While not the most sympathetic, Ray Monk is perhaps the most thorough biographer of the English philosopher and mathematician Bertrand Russell. According to Monk, Russell felt lonely and separated. He felt trapped inside the prison walls of his self, and believed only another person could alleviate the agony of imprisonment by seeing into his soul. (For clarity, I should mention that Russell was one of those who used the word “self” to describe the conscious “I.”) This is the desire, so commonly met with, to find a profoundly understanding soul mate.

Bertand Russell

Bertrand Russell craved someone who could see into his soul and relieve his sense of loneliness and separation. (Image: public domain)

In reality, Russell was agonizingly self-alienated. As someone who stressed conscious reasoning above all else, he was partially cut off from his unconscious mind. The resulting isolation of his ego, or “self” as Russell would have it, was the source of his painful loneliness. A sound connection with the unconscious adds richness to life. A more plentiful supply of allusive symbols and subjective images would have balanced the dry logic of mathematics and the cold sterility of abstract reasoning that were the centrepieces of Russell’s world. He would have had a greater sense of meaning. In all likelihood, an improved connection with the unconscious would have enhanced his emotional life as well.

The remedy for self-alienation is self-knowledge and self-acceptance: wholeness, in other words. Russell’s craving for someone who could see into his soul indicates a desire for some other to do for him what he needed to do for himself. Self-examination, however, is not to everyone’s taste and some are unaware that deep introspection is even possible.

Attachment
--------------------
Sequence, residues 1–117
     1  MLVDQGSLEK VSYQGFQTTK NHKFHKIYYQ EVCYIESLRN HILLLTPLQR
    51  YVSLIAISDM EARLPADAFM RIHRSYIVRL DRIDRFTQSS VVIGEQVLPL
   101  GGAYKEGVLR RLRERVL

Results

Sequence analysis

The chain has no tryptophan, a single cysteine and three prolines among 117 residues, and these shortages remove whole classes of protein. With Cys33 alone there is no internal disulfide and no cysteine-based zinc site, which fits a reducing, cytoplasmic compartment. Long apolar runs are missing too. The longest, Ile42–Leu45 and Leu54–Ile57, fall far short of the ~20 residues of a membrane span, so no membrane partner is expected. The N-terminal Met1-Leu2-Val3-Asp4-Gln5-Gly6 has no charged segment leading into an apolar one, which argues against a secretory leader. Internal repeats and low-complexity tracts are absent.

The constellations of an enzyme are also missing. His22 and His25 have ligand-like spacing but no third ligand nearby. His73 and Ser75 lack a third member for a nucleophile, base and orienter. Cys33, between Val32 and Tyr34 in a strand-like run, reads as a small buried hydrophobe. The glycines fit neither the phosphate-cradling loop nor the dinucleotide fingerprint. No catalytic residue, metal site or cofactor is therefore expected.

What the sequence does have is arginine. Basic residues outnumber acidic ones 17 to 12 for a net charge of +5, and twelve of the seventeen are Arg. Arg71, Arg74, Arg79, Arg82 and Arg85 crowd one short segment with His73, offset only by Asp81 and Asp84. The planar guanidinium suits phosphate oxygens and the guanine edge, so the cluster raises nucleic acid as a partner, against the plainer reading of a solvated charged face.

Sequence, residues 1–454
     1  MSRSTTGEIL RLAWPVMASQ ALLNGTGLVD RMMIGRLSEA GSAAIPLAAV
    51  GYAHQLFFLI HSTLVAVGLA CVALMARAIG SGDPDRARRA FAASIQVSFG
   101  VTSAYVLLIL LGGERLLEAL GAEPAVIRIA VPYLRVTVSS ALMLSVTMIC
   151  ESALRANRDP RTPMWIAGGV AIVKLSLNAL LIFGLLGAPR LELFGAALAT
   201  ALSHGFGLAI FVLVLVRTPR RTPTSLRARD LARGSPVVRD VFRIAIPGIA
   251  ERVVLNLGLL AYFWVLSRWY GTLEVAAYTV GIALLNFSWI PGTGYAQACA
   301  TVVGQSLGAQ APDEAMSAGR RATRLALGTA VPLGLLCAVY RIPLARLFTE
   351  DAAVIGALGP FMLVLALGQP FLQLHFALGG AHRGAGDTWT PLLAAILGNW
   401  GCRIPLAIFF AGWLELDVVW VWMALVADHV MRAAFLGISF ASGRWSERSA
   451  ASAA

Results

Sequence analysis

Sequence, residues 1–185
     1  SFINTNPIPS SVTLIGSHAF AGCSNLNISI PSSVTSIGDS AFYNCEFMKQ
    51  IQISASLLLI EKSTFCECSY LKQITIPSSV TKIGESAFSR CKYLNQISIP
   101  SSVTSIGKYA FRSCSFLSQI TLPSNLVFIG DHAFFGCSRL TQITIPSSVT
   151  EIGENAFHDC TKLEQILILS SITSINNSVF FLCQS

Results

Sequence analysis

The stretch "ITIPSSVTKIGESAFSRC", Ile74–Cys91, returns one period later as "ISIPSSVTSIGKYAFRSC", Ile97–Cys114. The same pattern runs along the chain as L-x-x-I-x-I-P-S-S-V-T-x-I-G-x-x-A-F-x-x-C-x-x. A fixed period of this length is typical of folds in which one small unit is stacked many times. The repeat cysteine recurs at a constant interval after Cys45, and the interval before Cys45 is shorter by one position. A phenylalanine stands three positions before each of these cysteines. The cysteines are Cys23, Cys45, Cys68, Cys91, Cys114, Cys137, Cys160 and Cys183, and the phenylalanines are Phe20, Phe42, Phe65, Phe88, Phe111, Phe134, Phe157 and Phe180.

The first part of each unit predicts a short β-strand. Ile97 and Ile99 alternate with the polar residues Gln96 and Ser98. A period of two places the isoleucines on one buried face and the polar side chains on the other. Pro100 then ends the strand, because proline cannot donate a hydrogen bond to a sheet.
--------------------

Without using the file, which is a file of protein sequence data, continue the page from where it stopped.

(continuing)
Russell was one of those who believe that their conscious thinking mind is who they are. His identity was entirely confined to his ego’s notions of who and what he was. This common mistake cuts a person off from experiencing the larger self (in the broader psychological sense of that word), which in turn leads to that feeling of being trapped inside the self-made “walls” of the ego. Such a circumscribed definition of who you are quite naturally feels like a form of dry impoverished imprisonment. There is a permanent ill-defined sense of lack. The typical inaccuracy of the ego’s definition of “self,” the infamous false persona, or idealized self-image, only adds to the problem.

Fear of the unconscious is the usual reason for choosing to believe that ego is all there is to a person. If you have banished (via repression) your undesirable character traits, thoughts, and wishes to the netherworld, the last thing you want to do is examine them. They might re-emerge to enlarge the ego with all manner of (to the ego) undesirable things. Yet, if you are to avoid Russell’s terrible sense of imprisonment and the agonizing loneliness of self-alienation, this is precisely what you must do.

Advertisements

7 thoughts on “Bertrand Russell’s Philosophical Loneliness

  1. There is a reason spouses are called “soul mates” as you specified in this article, because marriage is more than just material. In essence, it is a connection of the souls. But how can we talk about soul when we limit ourselves to visible things. Science only explains what it understands, that’s why science is considered a “religion” because you have to believe the things you can’t fully explain. And there are a lot of these unexplainable things.